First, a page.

Paper No. 5
Presentation Time: 1:00 PM-5:00 PM
GEOLOGIC MAPPING IN NORTHWEST GEORGIA HELPS DEFINE THE EXTENT OF DECOLLEMENT IN THE CHATTANOOGA SHALE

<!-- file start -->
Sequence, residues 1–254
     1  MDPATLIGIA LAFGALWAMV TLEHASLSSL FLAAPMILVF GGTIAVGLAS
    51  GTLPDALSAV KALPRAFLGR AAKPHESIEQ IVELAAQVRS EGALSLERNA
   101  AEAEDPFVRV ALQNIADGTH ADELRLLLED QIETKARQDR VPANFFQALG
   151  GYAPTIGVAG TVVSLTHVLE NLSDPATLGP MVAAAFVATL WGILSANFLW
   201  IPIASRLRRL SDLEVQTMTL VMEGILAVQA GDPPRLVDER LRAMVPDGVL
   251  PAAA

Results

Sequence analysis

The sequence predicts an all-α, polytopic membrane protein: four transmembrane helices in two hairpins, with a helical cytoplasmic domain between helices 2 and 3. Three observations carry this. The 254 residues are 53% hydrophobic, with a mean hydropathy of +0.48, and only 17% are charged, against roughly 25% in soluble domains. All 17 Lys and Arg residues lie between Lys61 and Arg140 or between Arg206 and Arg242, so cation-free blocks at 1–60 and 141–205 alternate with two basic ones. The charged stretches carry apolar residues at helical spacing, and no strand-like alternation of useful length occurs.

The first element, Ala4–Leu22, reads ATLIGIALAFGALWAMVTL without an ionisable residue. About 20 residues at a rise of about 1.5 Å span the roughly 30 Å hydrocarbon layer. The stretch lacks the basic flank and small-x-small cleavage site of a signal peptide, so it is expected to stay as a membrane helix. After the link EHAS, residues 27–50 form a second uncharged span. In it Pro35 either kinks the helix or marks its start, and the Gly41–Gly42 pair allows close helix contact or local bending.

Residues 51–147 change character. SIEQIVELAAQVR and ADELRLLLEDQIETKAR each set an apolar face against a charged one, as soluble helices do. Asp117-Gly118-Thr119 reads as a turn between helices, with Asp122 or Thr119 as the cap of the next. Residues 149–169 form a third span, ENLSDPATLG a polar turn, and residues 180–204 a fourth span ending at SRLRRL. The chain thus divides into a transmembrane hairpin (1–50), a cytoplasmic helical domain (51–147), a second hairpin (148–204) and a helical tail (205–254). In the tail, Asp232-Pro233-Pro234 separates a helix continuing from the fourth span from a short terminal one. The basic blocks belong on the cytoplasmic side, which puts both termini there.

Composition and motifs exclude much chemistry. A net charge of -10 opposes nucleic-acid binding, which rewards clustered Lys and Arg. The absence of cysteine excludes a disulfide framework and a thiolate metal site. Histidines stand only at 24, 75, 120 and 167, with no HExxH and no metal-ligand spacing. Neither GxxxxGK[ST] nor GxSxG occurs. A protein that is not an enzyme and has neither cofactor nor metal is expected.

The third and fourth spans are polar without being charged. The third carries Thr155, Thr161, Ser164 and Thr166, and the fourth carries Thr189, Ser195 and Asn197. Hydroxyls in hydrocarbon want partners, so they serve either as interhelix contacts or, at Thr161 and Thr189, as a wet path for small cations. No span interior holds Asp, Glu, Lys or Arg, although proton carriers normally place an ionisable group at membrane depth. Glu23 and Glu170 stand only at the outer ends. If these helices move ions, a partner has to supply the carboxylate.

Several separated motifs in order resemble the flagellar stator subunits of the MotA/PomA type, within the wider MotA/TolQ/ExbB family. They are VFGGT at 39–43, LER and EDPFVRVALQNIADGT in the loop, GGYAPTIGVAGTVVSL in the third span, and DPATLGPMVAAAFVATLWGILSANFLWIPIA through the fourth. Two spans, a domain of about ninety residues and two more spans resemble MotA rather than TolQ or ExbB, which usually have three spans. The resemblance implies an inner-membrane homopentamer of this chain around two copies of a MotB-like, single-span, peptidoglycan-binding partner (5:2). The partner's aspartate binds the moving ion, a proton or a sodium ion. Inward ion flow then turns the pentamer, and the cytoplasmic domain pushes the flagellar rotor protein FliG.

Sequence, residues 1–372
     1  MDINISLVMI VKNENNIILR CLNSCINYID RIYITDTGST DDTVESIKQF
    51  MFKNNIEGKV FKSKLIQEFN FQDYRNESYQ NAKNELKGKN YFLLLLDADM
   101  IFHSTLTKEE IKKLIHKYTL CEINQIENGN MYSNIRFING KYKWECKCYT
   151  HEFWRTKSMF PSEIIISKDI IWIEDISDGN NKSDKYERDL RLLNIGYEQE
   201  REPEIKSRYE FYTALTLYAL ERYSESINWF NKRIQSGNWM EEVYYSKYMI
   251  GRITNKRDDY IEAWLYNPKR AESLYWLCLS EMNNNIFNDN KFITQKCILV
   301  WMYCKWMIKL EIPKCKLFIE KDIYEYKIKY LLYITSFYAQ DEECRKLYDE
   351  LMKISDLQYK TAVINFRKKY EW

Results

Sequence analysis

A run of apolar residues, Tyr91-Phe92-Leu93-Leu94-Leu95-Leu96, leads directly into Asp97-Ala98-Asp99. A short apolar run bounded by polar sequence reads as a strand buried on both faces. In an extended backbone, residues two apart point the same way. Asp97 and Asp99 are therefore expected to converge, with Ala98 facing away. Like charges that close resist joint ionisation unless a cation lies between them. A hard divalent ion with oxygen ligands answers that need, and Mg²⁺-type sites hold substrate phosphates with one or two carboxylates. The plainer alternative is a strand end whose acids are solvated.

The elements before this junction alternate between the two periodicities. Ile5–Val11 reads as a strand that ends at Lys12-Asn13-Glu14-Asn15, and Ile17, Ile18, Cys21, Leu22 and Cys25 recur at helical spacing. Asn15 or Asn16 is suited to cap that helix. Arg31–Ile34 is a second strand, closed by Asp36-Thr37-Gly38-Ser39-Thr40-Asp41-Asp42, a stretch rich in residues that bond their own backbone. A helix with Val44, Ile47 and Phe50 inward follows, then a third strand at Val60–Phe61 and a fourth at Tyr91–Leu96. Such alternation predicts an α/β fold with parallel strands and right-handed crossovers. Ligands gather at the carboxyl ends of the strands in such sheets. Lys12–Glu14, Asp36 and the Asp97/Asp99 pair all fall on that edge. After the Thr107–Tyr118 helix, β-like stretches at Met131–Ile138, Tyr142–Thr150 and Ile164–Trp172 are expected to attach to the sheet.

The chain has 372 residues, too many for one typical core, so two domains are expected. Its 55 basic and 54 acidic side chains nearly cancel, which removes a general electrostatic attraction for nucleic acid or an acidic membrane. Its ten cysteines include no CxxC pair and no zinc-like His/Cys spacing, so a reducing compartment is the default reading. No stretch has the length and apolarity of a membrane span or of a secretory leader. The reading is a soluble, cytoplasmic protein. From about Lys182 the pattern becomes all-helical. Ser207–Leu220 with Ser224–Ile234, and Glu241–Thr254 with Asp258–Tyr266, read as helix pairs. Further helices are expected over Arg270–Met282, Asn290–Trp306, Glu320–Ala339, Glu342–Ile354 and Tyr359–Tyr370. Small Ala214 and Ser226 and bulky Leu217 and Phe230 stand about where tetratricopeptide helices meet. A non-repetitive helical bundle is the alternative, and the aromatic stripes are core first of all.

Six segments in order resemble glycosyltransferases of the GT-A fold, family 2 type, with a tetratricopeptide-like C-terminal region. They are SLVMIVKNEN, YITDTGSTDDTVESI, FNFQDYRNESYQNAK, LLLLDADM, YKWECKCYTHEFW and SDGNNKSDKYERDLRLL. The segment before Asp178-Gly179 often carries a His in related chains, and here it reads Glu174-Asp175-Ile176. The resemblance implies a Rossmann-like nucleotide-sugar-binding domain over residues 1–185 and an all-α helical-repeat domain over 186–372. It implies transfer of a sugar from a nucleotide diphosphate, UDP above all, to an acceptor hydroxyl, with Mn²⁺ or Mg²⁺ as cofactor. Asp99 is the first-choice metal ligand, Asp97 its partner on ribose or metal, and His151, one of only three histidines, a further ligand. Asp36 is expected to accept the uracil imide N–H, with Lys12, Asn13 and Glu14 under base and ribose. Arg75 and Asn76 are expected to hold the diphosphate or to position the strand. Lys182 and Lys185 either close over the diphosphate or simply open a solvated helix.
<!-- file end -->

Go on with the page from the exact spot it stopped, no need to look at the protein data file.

The Sulphur Springs, Cedar Grove, Trenton and Durham 7.5 minute quadrangles (Georgia-Alabama) expose gently folded Paleozoic strata on the northwest side of the Valley & Ridge province. Geologic mapping indicates that throughout the area stratigraphy is detached at the horizon of the Chattanooga Shale (Devonian). Although no more than 6 m thick when undeformed, the Chattanooga marks a pronounced contrast in ductility compared with overlying Mississippian carbonates; especially with cherty dolostones of the Fort Payne Formation. Thrust faults rise from a concealed decollement in Conasauga shales (Cambrian), ramp-up through the Knox Group (Cambro-Ordovician) and overlying Ordovician-Silurian strata and flatten out in the Chattanooga. The resulting detachment probably originated as a splay from the Kingston fault but was reactivated repeatedly as fault ramps advanced from hinterland to foreland. The Lookout Valley, Wills Valley and McClemore Cove anticlines appear to be horses in the resulting duplex. They fold the roof thrust, which is consequently out of sequence. The Lookout Mountain fault is formed by imbrication of the detachment and probably equates with the Cranmore Cove fault in Tennessee.